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Less Meat, More Greens and Grains

07 Feb 2019

Cutting down on white rice may not in itself lower one’s risk of getting diabetes. What matters more is what the rice is substituted with and the overall quality of a person’s diet.

These were presented in two new studies that used data from the Singapore Chinese Health Study (SCHS) and were co-authored by Professor Rob van Dam, Vice Dean (Academic Affairs) and Epidemiology Domain Leader, and Professor Koh Woon Puay, SCHS Principal Investigator and director of the Centre for Clinician-Scientist Development at Duke-NUS Medical School.

One study measured the link between diet quality and diabetes risk, using established diet quality indices to determine the overall quality of a person’s dietary pattern. It was found that a high-quality diet with low intake of animal foods (such as red meat), high intake of plant foods (such as vegetables, fruits and whole grains) and reduced intake of sweetened beverages is associated with reduced risk of diabetes.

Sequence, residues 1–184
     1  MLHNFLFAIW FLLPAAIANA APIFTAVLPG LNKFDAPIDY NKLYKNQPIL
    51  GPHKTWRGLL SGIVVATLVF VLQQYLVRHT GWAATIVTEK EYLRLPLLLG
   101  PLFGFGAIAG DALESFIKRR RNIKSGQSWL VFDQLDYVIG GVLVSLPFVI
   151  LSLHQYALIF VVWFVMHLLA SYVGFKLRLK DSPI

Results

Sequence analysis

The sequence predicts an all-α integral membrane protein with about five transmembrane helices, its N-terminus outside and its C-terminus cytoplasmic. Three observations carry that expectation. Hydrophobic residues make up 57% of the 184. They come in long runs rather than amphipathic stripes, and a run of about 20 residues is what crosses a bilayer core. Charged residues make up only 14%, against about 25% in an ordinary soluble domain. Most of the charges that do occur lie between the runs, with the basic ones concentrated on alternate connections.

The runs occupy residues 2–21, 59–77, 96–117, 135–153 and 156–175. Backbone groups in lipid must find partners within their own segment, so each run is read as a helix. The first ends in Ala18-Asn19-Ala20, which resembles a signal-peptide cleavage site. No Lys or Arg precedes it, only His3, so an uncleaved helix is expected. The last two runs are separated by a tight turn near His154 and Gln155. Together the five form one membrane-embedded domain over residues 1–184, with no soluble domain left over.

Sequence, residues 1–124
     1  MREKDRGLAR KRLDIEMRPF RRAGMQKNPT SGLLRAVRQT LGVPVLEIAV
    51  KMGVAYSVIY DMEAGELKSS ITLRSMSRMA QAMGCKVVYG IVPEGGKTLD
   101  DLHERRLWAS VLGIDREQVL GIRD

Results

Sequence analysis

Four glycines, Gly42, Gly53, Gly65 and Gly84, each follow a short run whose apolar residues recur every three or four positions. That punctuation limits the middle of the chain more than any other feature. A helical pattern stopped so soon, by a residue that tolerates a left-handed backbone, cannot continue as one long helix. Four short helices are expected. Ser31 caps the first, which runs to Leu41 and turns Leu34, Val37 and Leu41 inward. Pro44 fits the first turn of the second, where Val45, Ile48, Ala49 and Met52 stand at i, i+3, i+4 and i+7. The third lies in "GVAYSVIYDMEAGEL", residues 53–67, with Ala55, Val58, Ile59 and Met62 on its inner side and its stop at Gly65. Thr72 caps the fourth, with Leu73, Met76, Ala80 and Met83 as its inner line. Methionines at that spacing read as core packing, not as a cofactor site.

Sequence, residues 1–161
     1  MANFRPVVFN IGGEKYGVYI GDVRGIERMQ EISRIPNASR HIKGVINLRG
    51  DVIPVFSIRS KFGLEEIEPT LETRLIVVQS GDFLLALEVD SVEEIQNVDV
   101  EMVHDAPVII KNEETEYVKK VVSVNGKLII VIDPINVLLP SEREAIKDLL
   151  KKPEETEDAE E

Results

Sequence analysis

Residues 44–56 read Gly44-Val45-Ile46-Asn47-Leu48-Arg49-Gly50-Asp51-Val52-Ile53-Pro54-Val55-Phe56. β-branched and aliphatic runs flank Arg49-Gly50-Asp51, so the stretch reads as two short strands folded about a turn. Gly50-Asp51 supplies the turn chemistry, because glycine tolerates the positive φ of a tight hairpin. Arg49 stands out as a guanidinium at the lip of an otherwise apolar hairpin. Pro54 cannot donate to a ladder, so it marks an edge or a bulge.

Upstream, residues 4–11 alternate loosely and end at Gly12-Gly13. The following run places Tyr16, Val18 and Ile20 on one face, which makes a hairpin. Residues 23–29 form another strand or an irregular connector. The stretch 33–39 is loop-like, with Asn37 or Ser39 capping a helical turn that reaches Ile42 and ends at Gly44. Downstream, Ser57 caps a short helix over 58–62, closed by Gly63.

The second study found no link between the quantity of white rice consumed and the risk of diabetes, when controlled for other variables like age, sex, body mass index and various other food intakes.

Those who ate less rice also ate more of everything else to maintain the same calorie intake, but people who ate different foods in place of rice were affected differently.

“Some ate more red meat and poultry to feel full, but such a diet has a higher risk of diabetes. Others ate more noodle dishes, which are often cooked in sauces that are high in sugar, salt and oil. On the other hand, those who ate more whole grains and vegetables in place of rice had a decreased risk,” said Prof van Dam.

“The risk depends more on the overall quality of a person's diet. Recommendations to reduce white rice consumption may be effective only if the substitute foods are considered carefully,” added Prof Koh.

This is in line with the Health Promotion Board’s (HPB) recommendation to eat more brown rice.

Dr Annie Ling, group director of HPB’s Policy, Research and Surveillance Division, said: “It is important to look at diet in totality, and not overly focus on any individual component. Some tend to make up for eating less rice by eating more unhealthy food. We must be mindful of how the deficit is made up.”

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